verb (used without object), wor·ried, wor·ry·ing.
verb (used with object), wor·ried, wor·ry·ing.
noun, plural wor·ries.
Origin of worry
Synonyms for worry
Examples from the Web for worryingly
Contemporary Examples of worryingly
Their presence makes you think all the better (worryingly) of all the arrested development-struck British men.‘Made in Chelsea’ Has a New York Moment
August 19, 2014
And worryingly, 20 years after Roe vs. Wade, only 12 percent of OB-GYN programs taught abortion techniques.The Medical Community’s Hidden Abortion-Training War
February 27, 2014
Worryingly, such a bloody reprisal would not be out of character.Somalia Pirates Adopt Troubling New Tactics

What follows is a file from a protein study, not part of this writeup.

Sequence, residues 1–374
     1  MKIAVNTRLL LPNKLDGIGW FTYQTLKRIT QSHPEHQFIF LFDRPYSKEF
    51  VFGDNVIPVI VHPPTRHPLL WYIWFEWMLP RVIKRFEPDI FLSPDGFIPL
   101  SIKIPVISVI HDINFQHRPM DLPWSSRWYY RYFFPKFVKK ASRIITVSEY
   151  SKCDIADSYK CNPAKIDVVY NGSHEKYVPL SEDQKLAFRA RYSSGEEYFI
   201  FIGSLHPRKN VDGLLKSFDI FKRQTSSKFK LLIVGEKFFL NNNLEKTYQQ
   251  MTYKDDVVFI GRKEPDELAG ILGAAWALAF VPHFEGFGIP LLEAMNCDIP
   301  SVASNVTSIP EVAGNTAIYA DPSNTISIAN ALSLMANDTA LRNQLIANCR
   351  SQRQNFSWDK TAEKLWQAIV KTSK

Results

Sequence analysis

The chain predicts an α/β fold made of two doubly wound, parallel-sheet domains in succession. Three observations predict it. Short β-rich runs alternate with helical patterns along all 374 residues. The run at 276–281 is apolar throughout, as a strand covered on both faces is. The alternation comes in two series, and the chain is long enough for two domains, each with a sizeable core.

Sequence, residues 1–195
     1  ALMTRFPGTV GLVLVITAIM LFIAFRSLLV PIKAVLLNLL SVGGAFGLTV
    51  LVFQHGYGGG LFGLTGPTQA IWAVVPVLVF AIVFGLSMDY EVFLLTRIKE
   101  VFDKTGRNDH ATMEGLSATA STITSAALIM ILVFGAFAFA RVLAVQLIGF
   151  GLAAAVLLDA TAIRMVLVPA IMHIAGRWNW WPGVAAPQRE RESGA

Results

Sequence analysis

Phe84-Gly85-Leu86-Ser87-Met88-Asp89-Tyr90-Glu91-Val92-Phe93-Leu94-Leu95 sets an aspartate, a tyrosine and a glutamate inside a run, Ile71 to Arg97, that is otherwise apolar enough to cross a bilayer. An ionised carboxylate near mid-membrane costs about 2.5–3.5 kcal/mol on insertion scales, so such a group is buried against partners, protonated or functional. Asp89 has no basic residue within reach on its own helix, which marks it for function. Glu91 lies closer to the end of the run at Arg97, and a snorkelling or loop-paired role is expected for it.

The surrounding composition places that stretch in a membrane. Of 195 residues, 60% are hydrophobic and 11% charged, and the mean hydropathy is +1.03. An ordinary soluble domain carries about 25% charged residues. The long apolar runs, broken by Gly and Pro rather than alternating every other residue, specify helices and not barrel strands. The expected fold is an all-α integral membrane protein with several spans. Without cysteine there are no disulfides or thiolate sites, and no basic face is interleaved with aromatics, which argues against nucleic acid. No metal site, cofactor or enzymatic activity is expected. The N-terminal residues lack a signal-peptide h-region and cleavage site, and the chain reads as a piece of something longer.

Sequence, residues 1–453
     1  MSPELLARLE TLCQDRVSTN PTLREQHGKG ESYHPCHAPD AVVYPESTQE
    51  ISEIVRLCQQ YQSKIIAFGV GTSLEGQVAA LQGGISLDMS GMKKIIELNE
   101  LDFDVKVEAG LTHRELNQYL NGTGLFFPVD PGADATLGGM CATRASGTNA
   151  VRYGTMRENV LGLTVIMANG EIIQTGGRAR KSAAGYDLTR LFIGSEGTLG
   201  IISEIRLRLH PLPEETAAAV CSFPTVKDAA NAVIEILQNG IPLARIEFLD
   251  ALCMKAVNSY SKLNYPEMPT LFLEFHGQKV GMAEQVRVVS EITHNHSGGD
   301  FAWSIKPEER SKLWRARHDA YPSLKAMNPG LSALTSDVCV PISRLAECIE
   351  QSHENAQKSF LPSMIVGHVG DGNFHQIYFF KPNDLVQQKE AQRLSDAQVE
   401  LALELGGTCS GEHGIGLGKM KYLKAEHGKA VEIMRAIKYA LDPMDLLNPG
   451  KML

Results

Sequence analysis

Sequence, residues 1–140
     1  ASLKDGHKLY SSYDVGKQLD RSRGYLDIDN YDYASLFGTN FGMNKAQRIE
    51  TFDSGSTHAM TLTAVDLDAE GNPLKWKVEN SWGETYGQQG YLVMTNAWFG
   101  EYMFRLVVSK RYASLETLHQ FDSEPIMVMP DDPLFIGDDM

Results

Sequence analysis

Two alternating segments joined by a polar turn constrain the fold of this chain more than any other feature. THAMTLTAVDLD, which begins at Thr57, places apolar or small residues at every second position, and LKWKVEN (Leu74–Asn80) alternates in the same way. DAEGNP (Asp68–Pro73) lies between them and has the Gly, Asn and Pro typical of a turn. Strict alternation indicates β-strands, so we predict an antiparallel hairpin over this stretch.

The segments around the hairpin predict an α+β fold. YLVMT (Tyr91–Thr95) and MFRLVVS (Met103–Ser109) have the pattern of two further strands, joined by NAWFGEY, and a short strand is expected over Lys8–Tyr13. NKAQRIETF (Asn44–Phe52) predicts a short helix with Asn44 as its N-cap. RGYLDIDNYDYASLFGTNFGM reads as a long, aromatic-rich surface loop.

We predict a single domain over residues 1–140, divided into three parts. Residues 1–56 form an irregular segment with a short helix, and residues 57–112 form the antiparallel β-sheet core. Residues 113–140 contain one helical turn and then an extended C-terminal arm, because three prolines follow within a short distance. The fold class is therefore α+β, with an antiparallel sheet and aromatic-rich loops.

Jay Bahadur, Venetia Archer
January 31, 2012
verb -ries, -rying or -ried
noun plural -ries
Word Origin for worry
Old English wyrgan "to strangle," from West Germanic *wurgijanan (cf. Middle Dutch worghen, Dutch worgen, Old High German wurgen, German würgen "to strangle," Old Norse virgill "rope"), from PIE *wergh- "to turn" (see wring). Related: Worrisome; worrying.
The oldest sense was obsolete in English after c.1600; meaning "annoy, bother, vex," first recorded 1670s, developed from that of "harass by rough or severe treatment" (1550s), as of dogs or wolves attacking sheep. Meaning "to cause mental distress or trouble" is attested from 1822; intransitive sense of "to feel anxiety or mental trouble" is first recorded 1860.
1804, from worry (v.).